Some loving care for dogs on the street
Dogs are often described as “man’s best friend”. For homeless people, this can be especially true, meaning they’ll do almost anything to make sure they’re looked after even if it means their own needs come second.
Tony*, one of the first clients for Ruff Sleepers – a new pet washing service for homeless people co-founded by Associate Professor Bronwen Dalton of the University of Technology Sydney (UTS) – says his dog is “my world”.
So he coughed up when the landlord of his bedsit demanded an extra $100 a week, on top of the $200 a week he was already paying in rent, for his dog Brodie* to stay with him. This left him with just $40 a week to live on.
“Somehow we managed it,” he says. “I went without meals but I made sure Brodie always got what he needed.
“I have no contact with family and no friends,” Tony says. “Brodie is my world and I’d do anything for him.”
Ruff Sleepers volunteers held their first grooming session for “dogs on the street” on Sunday, alongside the monthly Pets in the Park clinic in the grounds of St John’s Anglican Church, Darlinghurst, Sydney.
The team aims to provide the service monthly, if they can generate sufficient support from sponsors. It would be Australia’s first ongoing grooming service for homeless people’s pets, if so.
Dr Dalton, an associate professor at UTS Business School and Director of its Masters of Not-for-Profit and Social Enterprise Program, says the bond between homeless people and their pets can be so strong that they will decline to be housed if it means giving up their dogs. She witnessed this personally while working in the not-for-profit sector with Mission Australia before joining UTS.
Other people become homeless in the first place because they can’t find a landlord who will let them keep a pet.
“Homeless people often face the heartbreaking choice between accommodation or their pet because shelters and public and private housing often cannot accommodate their best – and possibly only – friend,” Dr Dalton says.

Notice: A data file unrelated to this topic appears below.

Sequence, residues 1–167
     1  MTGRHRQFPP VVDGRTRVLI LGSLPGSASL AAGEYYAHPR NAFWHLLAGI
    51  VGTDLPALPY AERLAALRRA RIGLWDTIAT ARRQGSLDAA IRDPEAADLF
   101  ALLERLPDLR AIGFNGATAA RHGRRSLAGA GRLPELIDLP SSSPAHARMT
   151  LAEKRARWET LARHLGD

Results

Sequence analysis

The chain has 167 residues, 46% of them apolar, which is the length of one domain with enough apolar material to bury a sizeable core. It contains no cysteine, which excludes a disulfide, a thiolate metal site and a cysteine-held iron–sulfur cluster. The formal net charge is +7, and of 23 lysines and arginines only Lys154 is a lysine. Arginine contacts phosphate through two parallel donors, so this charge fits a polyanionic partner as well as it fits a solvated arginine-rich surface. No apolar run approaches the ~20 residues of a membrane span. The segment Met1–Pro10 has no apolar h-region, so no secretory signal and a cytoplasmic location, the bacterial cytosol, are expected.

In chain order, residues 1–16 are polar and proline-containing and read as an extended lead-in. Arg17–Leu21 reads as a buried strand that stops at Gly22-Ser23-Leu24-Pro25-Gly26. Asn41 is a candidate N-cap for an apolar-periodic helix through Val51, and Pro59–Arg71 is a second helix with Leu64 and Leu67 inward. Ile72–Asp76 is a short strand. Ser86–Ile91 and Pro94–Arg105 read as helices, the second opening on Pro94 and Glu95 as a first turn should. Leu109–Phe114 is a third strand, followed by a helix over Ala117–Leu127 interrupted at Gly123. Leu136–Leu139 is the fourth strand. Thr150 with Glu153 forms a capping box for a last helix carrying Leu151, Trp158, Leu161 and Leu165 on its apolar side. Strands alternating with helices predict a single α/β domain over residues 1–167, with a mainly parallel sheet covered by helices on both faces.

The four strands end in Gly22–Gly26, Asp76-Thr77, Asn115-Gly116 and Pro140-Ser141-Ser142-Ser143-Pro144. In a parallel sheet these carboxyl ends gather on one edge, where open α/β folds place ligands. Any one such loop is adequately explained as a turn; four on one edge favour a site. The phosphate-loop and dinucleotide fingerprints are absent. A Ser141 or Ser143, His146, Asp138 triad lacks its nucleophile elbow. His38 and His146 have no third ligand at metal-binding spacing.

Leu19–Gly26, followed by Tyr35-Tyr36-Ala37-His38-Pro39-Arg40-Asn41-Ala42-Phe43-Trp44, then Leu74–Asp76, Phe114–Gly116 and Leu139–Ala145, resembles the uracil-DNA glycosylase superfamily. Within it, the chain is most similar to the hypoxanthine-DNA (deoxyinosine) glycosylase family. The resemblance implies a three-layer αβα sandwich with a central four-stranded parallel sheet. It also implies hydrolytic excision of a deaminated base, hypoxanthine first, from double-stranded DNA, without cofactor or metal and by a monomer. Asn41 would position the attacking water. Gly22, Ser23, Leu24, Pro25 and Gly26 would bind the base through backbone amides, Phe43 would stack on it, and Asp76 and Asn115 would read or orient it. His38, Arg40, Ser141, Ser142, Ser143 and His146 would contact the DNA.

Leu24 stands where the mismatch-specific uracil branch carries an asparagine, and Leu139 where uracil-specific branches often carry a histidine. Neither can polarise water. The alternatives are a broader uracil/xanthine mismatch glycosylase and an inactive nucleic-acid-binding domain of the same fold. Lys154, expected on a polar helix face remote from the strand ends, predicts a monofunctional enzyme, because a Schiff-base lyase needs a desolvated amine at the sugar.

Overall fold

“When presented with an opportunity for housing in which no pets are allowed, homeless pet owners face the choice of either losing their pets to obtain a house – or keeping their pets and remaining homeless.”
Dr Dalton says the idea for Ruff Sleepers, which she has co-founded with UTS NFP Program students Tully Rosen and Linda Castellazzi, came to her at the annual Sydney Homeless Connect day.
“As a board member of partner organisation Volunteering NSW, I’ve attended this amazing event and every year the longest queue is for the dog washing service,” she says. She started to think about how a regular service could be provided.
Dr Dalton says research into the relationship between homeless people and companion animals has found that their attachment to their animals is stronger than in the general public.
“There is evidence that keeping a pet may be beneficial for those who are homeless. Research suggests that companion animal ownership is effective at reducing loneliness and providing unconditional love,” she says.
“There is even research indicating that some animal-owning homeless people don’t engage in substance abuse or high-risk behaviour because of a sense of responsibility for their companions.”
Other research has identified these special relationships as a source of protection for homeless people, and as a means of socially connecting with the public.
Dr Dalton says she hopes Ruff Sleepers will be another pathway to “equal, respectful and positive interaction” with homeless people.
“A common love for dogs can break down social barriers. This program is about a community of people who love dogs and want to give them a treat. It’s ultimately a respectful point of connection between dog washing volunteers and homeless people.”
It is also an opportunity to provide information on other related services available, such as free vet services – along with a free cuppa and a slice of cake.
Ruff Sleepers is looking for sponsors to help it continue its monthly grooming services and to start an emergency treatment fund at Camperdown Vet Clinic. “Homeless people's pets can get seriously hurt,” Dr Dalton says. “This fund would ensure that, no matter what your situation in life, your best friend can get life-saving treatment if needed.”
Dr Dalton also hopes to raise awareness that homeless people need greater access to pet-friendly accommodation options. Tony recently secured a Department of Housing place for himself and Brodie.
* Not their real names
Pets in the Park offers a free vet service once a month in Darlinghurst and in Parramatta.
This year’s Sydney Homeless Connect day is scheduled for July 3.
Bronwen Dalton is an Associate Professor at UTS Business School and Director of its Masters of Not-for-Profit and Social Enterprise Program. She is also a core member of the Centre for Business and Social Innovation.